Steven Roberts: The complacency trap

Published 12:00 am Tuesday, May 28, 2024

By Steven Roberts

On Election Day 2016, staffers at Hillary Clinton’s Brooklyn headquarters were popping champagne corks and celebrating what they assumed would be her victory over Donald Trump. The next day, after her narrow defeat was finalized, one of her key strategists, a former student of mine, called me in tears.

“What went wrong?” he kept asking. “All of our data showed us we were going to win easily.”

One answer was a raging case of complacency. There had been plenty of warning signs. Other former students told me that they had been alerting headquarters, with increasing alarm: Her crowds are shrinking! The energy is dwindling! 

Don’t worry, they were told, we’re ahead by 4 points. Just book smaller arenas so fewer empty seats show up on TV.

I recalled this story while reading about the latest New York Times/Siena poll, which shows Joe Biden trailing Trump in five of the six swing states, often by sizable margins. 

“President Biden doesn’t believe his bad poll numbers, and neither do many of his closest advisers,” reports Axios. “In public and private, Biden is telling anyone who will listen that he’s gaining ground — and is probably up — on Donald Trump.” 

This is a fantasy, a disturbing echo of the self-delusion that tanked Clinton’s campaign eight years ago. Any Democrat who doesn’t see that is blindly avoiding reality.

There are many factors working against Biden — his age, the border, Gaza — but his core problem is the economy in general and inflation in particular. No issue is more damaging in politics because it directly affects every family every day.

“The American political landscape in 2024 seems like a very simple story that people continue to overcomplicate,” writes Jonathan Chait in New York magazine. “There was a large, global surge in prices in 2021 and 2022 as the economy restarted following the COVID-19 pandemic. That inflation surge left Joe Biden, like leaders in almost every major democracy, deeply unpopular. Biden, like his global peers, has yet to recover.”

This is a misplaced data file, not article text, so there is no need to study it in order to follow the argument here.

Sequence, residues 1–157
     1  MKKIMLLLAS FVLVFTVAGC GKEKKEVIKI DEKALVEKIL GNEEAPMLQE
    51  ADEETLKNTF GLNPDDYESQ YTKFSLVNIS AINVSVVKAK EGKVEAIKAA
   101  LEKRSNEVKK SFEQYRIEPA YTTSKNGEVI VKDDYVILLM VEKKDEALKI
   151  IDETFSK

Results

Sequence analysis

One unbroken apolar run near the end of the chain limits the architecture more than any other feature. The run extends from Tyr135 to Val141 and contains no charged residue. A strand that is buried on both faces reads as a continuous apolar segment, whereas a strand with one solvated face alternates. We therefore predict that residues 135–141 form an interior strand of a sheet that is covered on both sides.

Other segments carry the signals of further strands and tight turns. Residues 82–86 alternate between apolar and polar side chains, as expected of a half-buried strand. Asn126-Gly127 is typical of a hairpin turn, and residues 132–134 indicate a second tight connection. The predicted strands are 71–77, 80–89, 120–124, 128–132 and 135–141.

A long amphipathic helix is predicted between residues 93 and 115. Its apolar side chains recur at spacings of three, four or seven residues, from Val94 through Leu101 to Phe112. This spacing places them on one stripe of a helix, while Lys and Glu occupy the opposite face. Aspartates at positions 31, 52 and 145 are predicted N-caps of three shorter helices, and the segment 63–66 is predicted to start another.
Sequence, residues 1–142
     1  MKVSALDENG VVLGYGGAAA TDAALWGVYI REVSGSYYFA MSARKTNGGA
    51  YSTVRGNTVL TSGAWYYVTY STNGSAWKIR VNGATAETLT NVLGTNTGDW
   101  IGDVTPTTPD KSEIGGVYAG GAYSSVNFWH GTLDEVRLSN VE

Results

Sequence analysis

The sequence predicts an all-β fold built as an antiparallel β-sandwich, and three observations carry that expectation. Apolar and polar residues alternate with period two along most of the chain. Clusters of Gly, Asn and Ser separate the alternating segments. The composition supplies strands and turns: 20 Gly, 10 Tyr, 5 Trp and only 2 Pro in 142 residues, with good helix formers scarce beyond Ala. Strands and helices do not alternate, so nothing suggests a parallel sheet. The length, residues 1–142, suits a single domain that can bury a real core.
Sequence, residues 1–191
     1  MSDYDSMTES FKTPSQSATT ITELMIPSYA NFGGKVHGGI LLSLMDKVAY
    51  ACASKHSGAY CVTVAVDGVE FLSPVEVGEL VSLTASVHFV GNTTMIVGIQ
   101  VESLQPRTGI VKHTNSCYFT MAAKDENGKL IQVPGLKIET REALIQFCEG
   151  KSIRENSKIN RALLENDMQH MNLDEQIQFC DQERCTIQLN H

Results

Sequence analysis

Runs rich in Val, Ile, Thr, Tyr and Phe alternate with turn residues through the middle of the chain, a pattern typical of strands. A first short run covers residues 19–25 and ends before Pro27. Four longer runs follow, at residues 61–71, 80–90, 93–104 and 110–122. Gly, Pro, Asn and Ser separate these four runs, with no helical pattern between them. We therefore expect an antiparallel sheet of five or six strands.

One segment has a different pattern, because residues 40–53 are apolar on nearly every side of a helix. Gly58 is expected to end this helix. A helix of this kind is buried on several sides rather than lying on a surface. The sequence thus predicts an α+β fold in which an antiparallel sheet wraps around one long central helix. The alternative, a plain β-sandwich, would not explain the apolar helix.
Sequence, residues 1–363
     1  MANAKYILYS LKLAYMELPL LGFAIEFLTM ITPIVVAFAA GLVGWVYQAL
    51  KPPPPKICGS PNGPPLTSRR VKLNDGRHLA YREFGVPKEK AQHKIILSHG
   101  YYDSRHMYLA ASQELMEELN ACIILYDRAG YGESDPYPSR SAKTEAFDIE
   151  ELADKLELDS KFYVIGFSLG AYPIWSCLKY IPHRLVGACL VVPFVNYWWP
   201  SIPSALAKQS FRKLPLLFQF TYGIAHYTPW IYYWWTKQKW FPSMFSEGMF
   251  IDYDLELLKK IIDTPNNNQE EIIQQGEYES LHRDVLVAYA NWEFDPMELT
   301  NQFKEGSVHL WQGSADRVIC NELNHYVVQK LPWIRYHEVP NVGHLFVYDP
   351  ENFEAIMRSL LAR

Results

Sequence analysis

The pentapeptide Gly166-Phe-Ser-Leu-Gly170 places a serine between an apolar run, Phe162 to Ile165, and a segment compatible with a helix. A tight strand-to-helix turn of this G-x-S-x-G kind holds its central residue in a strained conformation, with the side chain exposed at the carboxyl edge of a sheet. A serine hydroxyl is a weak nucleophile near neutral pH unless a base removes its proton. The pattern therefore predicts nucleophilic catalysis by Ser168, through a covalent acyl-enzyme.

Moreover, Biden’s persistent optimism about a robust recovery clashes badly with the lived experience of many voters. David Axelrod, Barack Obama’s political adviser, said on CNN that it’s “absolutely true” that America has bounced back exceptionally well from the global economic slump caused by COVID.

“But that’s not the way people are experiencing the economy,” Axelrod argued. “They are experiencing it through the lens of the cost of living. He is a man who’s built his career on empathy, (so) why not lead with the empathy?” Biden is “making a terrible mistake,” added the Democratic strategist. “If he doesn’t win this race, it may not be Donald Trump that beats him, it may be his own pride.”

In the latest Morning Consult survey, 26% of voters rated the economy as good or excellent while 74% called it fair or poor. And that gloomy assessment centers on two words: gas and groceries. 

In 2020, the average fuel price was $2.17 a gallon, so if your vehicle held 16 gallons, a fill-up cost $34.72. Today gas is priced at $3.62 a gallon and replenishing the same vehicle costs $57.92 — a difference of $23.20. Food prices in general rose 25% from 2019 to 2023, but the website Food and Wine estimates that bills at fast-food outlets jumped almost 30%.

This data fits into a larger framework. There are only two slogans in American politics: “You never had it so good” and “It’s time for a change.” All incumbents have to run on the first platform, and when people were happy, first-term presidents like Obama and Ronald Reagan have cruised to reelection. But persistent inflation, more than any other factor, is souring the national mood, turning 2024 into a “change” election, not a “stay the course” year. And it is Trump — not Biden — who embodies change for many voters.   

In the Morning Consult poll, 25% of voters say the economy will get better if Biden wins, and 48% think it will get worse. By contrast, 45% believe the economy will improve if Trump wins, and 36% think it will decline. As polling analyst Ron Faucheux puts it, these results are a “killer for Democrats.” Adds the Times, “voters in battleground states remain particularly anxious, unsettled and itching for change.”

The election is still six months away. Trump, like Biden, has huge flaws. This election, like the last two, will probably be extremely close. But Democrats must remember the lesson of 2016. Complacency can be a deadly trap.

Steven Roberts teaches politics and journalism at George Washington University. He can be contacted by email at